Sunday just gone was remembrance Sunday, a chance for us to gather and remember the fallen of the two great wars and all the ones still falling today in the not so popular wars somewhere around the globe and those yet to fall in the wars still to come, although presently we won’t be remembering those latter ones but, for want of a better expression, we will be looking forward to those moments when we can gather together and remember. But we can be assured that day will come. This coming together, civilian shoulder to civilian shoulder, has become the sticky glue that binds us and, if you will allow a well worn cliché, the thing that makes Britain Great, or so they say. I’m not so sure.
On this day of which I pontificate in my usual manner, a program of events was thrust into my hand as I stamped the hard rubber floor of the playground for circulation and watched the uniformed children playing on the swings, climbing up and down the frames, uninterested by the bitter cold and the events soon to interrupt their play. The cries and whistles from the cub master summoned the little soldiers into fidgety lines. Their disappointment of being nudged from play into the contemplative rows would soon be replaced by their own feelings of camaraderie. Ok we don’t want to be here but at least we are together in our not wanting to be herer. Now the only enemy was the watchful burning eyes of their parents as well as god’s representative in this particular playground.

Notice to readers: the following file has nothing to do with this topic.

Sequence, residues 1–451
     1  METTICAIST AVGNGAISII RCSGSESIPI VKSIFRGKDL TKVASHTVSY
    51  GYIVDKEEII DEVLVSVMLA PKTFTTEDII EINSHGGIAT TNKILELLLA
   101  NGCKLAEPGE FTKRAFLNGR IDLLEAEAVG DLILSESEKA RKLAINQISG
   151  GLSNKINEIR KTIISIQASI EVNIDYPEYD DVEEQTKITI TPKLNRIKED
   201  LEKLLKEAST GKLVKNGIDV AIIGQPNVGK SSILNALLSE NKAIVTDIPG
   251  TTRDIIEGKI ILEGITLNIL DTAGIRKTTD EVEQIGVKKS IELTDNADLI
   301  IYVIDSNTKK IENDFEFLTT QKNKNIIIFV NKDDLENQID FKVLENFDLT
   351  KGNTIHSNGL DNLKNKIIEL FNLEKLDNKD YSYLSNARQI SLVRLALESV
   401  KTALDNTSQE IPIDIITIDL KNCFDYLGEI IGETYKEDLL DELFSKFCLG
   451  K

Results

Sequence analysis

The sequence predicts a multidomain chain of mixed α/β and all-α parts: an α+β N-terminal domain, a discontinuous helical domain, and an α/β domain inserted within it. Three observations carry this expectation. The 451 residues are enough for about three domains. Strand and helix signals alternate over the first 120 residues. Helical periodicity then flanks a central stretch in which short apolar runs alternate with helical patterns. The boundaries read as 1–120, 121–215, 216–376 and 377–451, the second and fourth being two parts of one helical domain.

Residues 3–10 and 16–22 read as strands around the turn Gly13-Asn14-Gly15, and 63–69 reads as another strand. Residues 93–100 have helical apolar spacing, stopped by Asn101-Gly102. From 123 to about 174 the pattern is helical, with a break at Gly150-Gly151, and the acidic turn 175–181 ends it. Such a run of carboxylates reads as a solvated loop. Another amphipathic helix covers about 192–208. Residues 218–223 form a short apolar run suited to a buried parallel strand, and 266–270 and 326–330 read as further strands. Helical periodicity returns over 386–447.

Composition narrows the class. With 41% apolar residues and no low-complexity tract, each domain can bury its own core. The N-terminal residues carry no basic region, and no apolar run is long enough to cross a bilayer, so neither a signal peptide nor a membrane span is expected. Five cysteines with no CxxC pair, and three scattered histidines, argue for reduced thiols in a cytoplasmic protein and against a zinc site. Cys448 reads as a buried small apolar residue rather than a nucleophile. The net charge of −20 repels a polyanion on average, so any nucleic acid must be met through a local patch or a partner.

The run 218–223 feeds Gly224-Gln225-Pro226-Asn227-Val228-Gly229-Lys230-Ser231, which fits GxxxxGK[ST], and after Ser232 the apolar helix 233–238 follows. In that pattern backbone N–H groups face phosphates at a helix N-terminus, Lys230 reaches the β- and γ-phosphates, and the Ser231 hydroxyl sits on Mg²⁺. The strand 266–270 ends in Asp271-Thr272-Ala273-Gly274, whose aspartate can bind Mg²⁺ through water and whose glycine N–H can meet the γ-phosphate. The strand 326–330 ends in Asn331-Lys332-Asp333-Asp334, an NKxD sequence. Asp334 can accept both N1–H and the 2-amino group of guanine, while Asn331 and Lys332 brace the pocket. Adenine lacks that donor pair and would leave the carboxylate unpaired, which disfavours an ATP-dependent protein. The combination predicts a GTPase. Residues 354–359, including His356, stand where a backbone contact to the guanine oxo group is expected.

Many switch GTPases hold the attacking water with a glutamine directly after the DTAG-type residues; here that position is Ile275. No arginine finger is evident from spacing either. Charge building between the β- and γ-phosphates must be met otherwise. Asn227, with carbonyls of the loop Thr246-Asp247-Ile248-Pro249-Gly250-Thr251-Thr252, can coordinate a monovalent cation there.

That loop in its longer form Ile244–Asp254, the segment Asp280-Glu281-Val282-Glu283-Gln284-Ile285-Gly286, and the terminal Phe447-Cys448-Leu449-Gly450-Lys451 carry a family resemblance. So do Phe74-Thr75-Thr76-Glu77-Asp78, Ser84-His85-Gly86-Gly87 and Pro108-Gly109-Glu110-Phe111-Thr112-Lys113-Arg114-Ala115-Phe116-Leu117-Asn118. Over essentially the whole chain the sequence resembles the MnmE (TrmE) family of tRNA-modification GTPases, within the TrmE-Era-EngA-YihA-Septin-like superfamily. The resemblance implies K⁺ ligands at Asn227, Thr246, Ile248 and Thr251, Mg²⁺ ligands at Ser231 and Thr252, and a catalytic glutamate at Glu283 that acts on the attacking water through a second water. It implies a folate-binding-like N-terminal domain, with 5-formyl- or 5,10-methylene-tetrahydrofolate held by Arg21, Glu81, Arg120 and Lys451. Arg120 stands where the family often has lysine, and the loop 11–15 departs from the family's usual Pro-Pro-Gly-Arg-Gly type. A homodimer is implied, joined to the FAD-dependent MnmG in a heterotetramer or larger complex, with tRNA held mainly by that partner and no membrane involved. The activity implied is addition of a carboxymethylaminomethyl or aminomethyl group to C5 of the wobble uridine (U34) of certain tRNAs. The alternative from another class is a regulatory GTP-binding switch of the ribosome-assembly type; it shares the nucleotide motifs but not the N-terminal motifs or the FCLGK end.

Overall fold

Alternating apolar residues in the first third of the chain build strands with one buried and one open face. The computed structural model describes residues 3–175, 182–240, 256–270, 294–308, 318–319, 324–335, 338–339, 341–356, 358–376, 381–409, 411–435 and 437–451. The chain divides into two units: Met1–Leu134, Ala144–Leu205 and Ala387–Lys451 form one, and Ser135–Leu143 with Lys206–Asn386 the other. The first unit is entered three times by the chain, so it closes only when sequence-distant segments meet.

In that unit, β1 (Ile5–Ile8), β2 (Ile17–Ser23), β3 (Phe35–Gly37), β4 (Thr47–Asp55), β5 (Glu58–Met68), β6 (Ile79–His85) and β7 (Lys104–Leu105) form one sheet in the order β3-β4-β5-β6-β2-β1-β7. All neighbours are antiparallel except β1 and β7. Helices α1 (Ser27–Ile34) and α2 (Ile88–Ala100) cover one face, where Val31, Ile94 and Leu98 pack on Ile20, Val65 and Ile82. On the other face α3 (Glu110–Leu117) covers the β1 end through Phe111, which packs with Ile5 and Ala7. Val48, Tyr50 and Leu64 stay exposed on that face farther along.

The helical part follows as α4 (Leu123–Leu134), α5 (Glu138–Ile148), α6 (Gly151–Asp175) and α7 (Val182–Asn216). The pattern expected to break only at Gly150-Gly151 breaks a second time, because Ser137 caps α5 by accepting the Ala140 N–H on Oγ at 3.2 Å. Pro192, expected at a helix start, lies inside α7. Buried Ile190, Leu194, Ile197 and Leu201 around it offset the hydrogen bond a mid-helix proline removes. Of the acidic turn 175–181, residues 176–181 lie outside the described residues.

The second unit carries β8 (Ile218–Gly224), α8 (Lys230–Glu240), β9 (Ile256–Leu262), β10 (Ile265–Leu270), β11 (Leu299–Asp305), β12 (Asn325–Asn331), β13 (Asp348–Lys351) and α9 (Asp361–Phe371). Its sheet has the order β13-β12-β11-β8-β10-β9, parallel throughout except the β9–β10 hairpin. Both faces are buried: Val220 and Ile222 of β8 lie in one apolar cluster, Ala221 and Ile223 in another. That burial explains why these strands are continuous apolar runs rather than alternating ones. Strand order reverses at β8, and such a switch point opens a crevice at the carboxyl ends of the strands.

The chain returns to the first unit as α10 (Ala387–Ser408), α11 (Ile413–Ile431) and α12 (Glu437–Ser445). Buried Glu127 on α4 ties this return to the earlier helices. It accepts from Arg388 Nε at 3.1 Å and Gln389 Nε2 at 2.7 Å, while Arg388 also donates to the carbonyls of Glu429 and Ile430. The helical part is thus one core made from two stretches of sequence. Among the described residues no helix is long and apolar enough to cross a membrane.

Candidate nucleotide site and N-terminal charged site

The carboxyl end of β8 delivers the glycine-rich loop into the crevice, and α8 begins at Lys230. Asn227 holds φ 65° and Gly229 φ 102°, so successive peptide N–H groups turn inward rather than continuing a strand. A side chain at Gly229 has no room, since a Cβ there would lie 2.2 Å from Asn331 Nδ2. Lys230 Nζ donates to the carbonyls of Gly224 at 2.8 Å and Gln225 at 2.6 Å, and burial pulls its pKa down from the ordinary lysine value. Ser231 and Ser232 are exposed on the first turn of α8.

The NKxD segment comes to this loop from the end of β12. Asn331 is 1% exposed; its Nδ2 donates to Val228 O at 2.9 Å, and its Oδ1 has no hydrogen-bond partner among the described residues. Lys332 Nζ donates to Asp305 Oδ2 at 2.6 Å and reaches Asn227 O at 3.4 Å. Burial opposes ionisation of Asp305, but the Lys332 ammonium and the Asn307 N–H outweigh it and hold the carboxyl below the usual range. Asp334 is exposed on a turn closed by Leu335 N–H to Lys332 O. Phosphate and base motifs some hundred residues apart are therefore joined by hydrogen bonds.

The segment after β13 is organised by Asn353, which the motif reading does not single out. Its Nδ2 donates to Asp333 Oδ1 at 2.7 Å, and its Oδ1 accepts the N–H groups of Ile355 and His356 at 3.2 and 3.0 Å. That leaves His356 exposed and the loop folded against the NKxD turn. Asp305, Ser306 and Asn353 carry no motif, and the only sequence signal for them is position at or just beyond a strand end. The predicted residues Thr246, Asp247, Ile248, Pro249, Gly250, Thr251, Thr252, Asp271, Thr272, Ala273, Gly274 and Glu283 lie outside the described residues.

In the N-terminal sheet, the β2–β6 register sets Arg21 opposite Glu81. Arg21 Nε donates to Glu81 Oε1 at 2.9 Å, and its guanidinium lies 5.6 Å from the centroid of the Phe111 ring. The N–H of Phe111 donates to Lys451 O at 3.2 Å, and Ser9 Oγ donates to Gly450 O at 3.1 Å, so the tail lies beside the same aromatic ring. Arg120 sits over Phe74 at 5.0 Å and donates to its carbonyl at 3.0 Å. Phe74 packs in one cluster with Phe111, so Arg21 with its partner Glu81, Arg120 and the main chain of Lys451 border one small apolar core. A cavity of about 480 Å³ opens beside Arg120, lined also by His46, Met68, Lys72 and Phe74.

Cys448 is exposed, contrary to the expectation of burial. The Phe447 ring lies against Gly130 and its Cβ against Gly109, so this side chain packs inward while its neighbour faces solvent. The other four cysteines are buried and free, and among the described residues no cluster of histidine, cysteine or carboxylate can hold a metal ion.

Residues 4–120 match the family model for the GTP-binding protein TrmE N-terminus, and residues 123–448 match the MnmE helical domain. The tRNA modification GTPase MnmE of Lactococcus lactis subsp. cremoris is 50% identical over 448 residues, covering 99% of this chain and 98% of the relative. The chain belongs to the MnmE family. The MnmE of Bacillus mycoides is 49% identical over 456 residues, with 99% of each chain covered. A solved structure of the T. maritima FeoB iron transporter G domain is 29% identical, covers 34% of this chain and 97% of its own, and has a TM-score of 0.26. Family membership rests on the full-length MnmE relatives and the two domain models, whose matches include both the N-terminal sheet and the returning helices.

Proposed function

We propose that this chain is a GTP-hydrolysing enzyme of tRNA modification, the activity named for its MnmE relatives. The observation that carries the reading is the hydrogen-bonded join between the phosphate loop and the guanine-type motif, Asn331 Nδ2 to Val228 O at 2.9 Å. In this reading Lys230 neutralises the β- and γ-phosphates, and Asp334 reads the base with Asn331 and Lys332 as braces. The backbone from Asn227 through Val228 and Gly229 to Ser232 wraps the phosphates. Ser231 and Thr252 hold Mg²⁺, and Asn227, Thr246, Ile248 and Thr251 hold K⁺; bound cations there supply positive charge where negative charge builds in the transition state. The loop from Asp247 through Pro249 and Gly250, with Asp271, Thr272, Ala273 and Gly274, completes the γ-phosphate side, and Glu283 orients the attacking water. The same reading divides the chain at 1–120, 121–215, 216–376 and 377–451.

As I flicked through my leaflet I noticed that god featured heavily in this, my Sunday afternoon. Should have guessed that when I first clocked the chap in the flowing linens. And so it was that in between the brass band emptying their instruments of sputum onto the ground where the children once played and will very soon play again, we were assured that our men would not be forgotten in this god occupied world.
The denomination of the VIP’s gathered required that the small congregation of people respond in unison to their petitions to god, so thank goodness we had our scripts. The result however for me was a particular unease in listening to the rhythmic chanting like tones. Suddenly I was struck with a devilish thought that inspired in me a cheeky little grin akin to the children pressed into place in front of the cenotaph. The musical undertones in the solemn contrived phrases were reminiscent of something satanic. I suppose I’ve been spoiled by films like Rosemary’s Baby and other such books. By the way I make no apologies for mentioning Satan in this particular blog. I think it only fair that god’s arch nemesis get a mention. Seems fair don’t you think?
…and through it all the children poked and prodded, smiled and giggled in all the wrong places, not I suspect from thoughts of the fallen but of getting back to the the playground and the addition of a promised supply of ‘well done’ biscuits and juice.
Well done children. See you next year…
Church bell rings that children should fall
From playgrounds dust they’ll rise anew.
Coaxed and prodded to heed the call,
Pressed erect by mother’s dew.
Moments silence, a flag protests,
Held stiffly by a pristine child.
Forgotten playgrounds lay bereft
While they remember unknown. Killed
But they will stir the dust again
Of playgrounds far from fields, frozen.
When trumpets sound they’ll flee from men,
To swing and slide they’ve chosen.
Let us play. Our lives are blessed.
Not pressed into fields, hopelessly churned.
Let playgrounds ring with a childhood caress,
A song that begs for our return.
Then, a man I stand on frozen waste
That playgrounds dust not fall.
That you should not see my face
And know your destiny at all.
Instead, let battle cries be lost,
Smothered by playground songs
And church bells ache from winter’s frost.
No longer heard by playful throngs.
…Thanks for reading, dearest one.